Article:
Without knowing it Rory Lane was about ten years ahead of the modern era of the Garage Winemaker in Australia with The Story Wines. In 2004, with only a few vintages experience mostly working in wineries in the United States, he took a punt on starting his own wine project, working out of a rented warehouse in suburban Melbourne. Fortunately he was able to purchase some outstanding Grampians fruit, and capture it in a bottle in an elegant expression that almost immediately began to turn heads. He is now considered to be one of the most exciting winemakers in Australia, and is an important representative for small ‘virtual’ wineries both here and overseas.
When Marie Doyard says that “Champagne is running through her blood”, she’s not kidding. Not only was she born in Reims and raised in the region, but her great-grandfather Maurice Doyard was one of the founders of the Comité Interprofessionnel des Vins de Champagne (C.I.V.C.) during World War II. Her parents brought the Jacquart and Doyard estates together – all based in the Côte des Blancs – and when she took over in 2004 she had some dynamic ideas of how to take Champagne Andre Jacquart into the new millennium. On a recent visit to Melbourne I was able to find out more about her journey and about grower-champagne.
Alice Feiring is without question one of the most passionate and controversial voices in wine today, having spent many years delving into her own love of authentic and natural wine. Through countless articles, blog and newsletter pieces, and several books, Alice has carved a path to not only find but also bring to light some of the rarest gems in the wine world. Whilst her opinions are far from universally welcomed, her integrity is hard to question. She joined me via Skype on this episode to talk about her path and her newest book, The Dirty Guide to Wine.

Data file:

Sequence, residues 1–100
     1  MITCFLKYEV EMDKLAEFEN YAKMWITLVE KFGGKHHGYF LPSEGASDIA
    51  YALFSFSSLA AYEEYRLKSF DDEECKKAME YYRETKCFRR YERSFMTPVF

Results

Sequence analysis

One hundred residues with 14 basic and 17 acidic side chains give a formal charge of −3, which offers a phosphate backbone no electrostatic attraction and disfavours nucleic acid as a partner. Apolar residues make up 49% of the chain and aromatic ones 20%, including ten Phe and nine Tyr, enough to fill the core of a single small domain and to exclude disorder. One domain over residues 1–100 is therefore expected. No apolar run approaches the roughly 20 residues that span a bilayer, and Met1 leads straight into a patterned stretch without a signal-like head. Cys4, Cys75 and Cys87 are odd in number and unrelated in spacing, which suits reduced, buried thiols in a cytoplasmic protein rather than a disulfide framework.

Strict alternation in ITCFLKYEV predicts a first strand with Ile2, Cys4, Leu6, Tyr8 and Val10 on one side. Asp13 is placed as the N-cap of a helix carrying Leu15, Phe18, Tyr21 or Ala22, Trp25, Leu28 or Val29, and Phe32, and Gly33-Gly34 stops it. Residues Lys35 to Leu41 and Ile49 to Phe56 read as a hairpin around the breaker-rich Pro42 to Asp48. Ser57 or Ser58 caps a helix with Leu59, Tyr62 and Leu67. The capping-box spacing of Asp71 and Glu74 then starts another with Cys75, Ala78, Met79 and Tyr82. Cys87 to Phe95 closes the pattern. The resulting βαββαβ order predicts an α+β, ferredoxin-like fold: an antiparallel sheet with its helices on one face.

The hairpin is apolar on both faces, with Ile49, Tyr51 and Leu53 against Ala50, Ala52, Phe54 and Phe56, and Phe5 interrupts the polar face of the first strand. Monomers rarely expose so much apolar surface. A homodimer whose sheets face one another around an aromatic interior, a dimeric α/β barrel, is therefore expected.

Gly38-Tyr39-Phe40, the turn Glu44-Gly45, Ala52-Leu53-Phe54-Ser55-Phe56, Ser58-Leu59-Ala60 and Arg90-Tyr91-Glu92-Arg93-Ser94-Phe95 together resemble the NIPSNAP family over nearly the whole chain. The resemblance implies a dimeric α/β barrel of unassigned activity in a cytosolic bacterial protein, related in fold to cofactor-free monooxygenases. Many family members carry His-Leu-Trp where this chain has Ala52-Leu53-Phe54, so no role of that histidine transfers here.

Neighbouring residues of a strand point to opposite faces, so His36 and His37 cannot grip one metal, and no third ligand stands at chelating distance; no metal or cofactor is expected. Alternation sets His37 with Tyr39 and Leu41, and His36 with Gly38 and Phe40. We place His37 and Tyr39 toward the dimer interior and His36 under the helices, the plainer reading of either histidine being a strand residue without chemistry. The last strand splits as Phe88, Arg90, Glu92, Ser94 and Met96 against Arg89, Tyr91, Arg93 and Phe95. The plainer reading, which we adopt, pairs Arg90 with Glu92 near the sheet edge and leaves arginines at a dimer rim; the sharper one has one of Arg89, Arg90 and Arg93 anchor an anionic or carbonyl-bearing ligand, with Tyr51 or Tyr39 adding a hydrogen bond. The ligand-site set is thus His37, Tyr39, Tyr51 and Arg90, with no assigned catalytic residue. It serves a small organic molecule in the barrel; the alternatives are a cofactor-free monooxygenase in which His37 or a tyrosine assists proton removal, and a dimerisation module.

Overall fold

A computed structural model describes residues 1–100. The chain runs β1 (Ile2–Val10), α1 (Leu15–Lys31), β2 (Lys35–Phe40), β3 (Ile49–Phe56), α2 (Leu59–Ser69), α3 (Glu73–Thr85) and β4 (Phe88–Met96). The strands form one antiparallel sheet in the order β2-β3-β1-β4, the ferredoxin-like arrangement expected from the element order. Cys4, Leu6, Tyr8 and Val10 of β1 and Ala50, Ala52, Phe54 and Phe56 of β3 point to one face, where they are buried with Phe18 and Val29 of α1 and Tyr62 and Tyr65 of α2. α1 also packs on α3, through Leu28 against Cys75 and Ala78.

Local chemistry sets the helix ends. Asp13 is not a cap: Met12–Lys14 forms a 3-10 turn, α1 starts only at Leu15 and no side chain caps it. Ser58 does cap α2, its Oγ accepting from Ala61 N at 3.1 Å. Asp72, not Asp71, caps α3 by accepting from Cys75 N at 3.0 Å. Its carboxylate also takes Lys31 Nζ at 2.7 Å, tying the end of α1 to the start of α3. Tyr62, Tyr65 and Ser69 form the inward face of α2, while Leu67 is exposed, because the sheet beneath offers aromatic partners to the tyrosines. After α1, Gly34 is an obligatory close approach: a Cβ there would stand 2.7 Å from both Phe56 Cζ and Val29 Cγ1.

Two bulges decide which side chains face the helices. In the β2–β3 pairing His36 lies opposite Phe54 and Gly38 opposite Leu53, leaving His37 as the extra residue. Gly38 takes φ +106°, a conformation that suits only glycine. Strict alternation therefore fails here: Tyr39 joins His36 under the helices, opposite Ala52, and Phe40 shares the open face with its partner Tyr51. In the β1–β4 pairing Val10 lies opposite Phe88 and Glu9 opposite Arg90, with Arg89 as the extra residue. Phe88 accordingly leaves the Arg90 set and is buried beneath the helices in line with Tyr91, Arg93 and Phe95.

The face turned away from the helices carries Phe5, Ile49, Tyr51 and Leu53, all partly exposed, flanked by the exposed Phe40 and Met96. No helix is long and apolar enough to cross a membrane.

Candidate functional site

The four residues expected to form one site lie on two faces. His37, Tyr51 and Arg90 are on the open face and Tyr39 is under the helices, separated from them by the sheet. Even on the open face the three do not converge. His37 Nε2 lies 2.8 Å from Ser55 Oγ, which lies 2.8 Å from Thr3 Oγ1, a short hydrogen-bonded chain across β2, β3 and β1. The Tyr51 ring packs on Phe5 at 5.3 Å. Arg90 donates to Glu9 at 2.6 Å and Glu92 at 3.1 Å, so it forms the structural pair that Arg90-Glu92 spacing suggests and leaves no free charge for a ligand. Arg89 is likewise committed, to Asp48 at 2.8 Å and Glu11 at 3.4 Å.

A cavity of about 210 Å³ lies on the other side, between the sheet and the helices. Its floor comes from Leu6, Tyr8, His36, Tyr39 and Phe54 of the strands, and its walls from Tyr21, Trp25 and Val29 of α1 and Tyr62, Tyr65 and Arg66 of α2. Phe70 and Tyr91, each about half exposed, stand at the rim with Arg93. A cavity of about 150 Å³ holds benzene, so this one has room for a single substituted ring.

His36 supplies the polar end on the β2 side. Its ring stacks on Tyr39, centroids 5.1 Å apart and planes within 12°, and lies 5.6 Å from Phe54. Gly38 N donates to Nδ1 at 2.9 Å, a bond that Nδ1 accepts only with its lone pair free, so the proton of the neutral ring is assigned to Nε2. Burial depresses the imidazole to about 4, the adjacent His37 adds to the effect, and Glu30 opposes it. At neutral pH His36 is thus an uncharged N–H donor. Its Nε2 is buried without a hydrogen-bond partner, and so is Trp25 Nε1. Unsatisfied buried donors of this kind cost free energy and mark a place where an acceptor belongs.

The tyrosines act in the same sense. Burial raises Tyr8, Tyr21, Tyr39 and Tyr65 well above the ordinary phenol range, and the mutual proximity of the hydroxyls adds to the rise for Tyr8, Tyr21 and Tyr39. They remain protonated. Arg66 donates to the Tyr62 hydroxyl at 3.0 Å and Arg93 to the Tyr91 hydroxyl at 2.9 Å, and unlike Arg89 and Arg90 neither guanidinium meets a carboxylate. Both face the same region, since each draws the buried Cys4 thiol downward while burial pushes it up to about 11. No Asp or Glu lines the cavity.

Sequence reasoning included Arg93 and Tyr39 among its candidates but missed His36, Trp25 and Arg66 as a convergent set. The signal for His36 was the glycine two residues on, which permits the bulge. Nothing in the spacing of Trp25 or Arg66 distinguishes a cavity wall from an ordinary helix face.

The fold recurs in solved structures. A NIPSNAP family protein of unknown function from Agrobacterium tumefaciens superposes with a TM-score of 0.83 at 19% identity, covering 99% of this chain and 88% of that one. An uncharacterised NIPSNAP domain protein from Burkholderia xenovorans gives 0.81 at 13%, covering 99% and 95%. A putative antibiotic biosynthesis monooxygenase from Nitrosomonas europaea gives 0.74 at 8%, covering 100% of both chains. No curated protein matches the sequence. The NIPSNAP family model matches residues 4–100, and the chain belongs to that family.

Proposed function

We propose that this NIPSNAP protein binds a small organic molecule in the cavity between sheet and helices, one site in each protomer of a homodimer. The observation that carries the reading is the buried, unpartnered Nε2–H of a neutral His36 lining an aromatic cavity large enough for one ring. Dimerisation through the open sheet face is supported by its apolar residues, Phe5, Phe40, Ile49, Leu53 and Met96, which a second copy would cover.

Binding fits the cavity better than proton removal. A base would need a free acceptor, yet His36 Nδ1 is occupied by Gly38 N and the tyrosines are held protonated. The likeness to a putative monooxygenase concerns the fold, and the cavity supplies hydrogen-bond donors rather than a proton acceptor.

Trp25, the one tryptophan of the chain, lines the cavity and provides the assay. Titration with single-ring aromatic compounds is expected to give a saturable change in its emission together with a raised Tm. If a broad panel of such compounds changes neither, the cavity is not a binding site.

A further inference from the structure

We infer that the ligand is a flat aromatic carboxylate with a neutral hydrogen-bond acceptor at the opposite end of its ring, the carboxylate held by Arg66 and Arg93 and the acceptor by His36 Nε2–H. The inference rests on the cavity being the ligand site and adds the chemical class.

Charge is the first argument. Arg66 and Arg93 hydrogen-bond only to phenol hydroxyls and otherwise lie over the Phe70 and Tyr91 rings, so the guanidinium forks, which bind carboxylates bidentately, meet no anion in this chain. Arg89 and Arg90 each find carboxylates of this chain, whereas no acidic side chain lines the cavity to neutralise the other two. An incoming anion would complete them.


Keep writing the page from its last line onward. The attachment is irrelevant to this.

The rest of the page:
I was super thrilled to recently sit down for my wine podcast The Vincast with Matt Holmes, winemaker for Bannockburn Vineyards.When I mentioned that I hadn’t tasted any wine from Bannockburn that he’d made, he very generously brought along a few bottles for me to taste. Here are my impressions!
Matt Holmes’ winemaking career has come full circle. His first short experience as a chief winemaker was at Bannockburn Vineyards, stepping into a role that was vacated just before vintage, but in effect was a caretaker position until the new winemaker was appointed. Following that he gained experience all over the world, before recently returning to Bannockburn to become the permanent chief winemaker. We spoke on this episode about his amazing journey, and what excited him about the new opportunities that Bannockburn and Melbourne offer.